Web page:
Even though the word in the company was that Jeremy was a dedicated and competent employee, nobody knew much about him as he was so quiet and private. Management was nervous about promoting someone who appeared to them to be secretive, wondering if he had something to hide. Jeremy came up with a plan to change that. He noticed that his coworkers like Janice and Alan spent a lot of time chatting with the manager. Jeremy forced himself to approach the manager and his direct supervisor at least three times per week and only talk about personal matters. This was part two of the plan, relationship building. When his superiors told him something about their personal lives, such as favorite holiday places, or names of pets, he went into his office and made notes on a pad he kept in the bottom drawer just for this purpose.  This gave Jeremy something to ask them about in future conversations. Prior to this he made little attempt to engage coworkers, often working alone when they went for coffee. Eventually they stopped asking him. He now began to join them regularly and initiate personal conversations. At first he found that they seemed to be suspicious of him as it was unusual behavior, but over time he began to sense that he was being accepted and began to feel that he was one of them. While he was still aware of fear and anxiety at times, it never overwhelmed him as it had in the past. It now served as a wake up call for him, letting him know there was something he needed to look after.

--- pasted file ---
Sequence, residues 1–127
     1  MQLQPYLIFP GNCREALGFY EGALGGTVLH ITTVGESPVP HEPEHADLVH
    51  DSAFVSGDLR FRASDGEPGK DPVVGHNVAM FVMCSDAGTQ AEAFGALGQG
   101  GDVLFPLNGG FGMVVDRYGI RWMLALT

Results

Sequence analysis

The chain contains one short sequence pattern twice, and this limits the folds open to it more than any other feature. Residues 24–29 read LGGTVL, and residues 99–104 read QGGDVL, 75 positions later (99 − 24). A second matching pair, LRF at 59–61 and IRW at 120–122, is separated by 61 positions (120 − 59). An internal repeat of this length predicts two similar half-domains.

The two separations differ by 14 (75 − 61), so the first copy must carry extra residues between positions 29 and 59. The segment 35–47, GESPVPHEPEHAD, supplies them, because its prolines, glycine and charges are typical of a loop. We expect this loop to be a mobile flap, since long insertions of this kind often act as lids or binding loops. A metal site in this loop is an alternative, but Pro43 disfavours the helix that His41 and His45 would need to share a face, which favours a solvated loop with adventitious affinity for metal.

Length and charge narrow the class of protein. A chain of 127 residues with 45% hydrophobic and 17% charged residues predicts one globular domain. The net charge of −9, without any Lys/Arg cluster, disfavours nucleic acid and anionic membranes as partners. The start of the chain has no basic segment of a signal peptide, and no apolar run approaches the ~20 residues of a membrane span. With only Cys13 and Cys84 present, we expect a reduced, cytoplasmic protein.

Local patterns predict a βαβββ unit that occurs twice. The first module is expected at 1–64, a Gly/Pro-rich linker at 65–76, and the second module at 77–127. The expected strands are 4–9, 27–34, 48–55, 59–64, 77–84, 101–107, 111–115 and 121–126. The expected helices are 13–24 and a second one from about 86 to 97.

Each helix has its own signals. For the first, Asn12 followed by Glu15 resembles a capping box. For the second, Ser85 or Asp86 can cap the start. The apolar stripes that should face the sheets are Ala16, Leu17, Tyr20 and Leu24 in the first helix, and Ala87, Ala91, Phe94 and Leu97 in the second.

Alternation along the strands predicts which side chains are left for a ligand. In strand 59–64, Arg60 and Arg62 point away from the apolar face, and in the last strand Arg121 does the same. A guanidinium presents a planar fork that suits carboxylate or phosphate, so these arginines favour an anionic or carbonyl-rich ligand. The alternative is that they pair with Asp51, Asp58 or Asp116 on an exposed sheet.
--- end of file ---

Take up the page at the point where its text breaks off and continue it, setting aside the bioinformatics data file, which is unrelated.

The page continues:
Within a year, Jeremy applied for a higher level position within headquarters office of the organization. He practiced mock interviewing with his coach until he was confident that he would be able to fully speak in a manner that drew attention to all of his skills and abilities. He got the job and later learned from his new manager that his previous manager had commented on what a great team player Jeremy had become. He remembers the sweet sound of those words. They were the sounds of success.


     
   
     
   

The Author

Harvey Deutschendorf

Harvey Deutschendorf is the author of The Other Kind Of Smart, Simple Ways to Boost Your Emotional Intelligence for Greater Personal Effectiveness and Success, published by American Management Association of New York May 2009.  Harvey resides in Edmonton, Alberta.

Visit www.theotherkindofsmart.com for additional information.

       
   
 
       
   
Many more articles in Emotional Intelligence in The CEO Refresher Archives
 
       
   
 
       
   
The CEO Refresher
 
       
   

Copyright 2010 by Harvey Deutschendorf. All rights reserved.

Current Issue - Archives - CEO Links - News - Conferences - Recommended Reading

Refresher Publications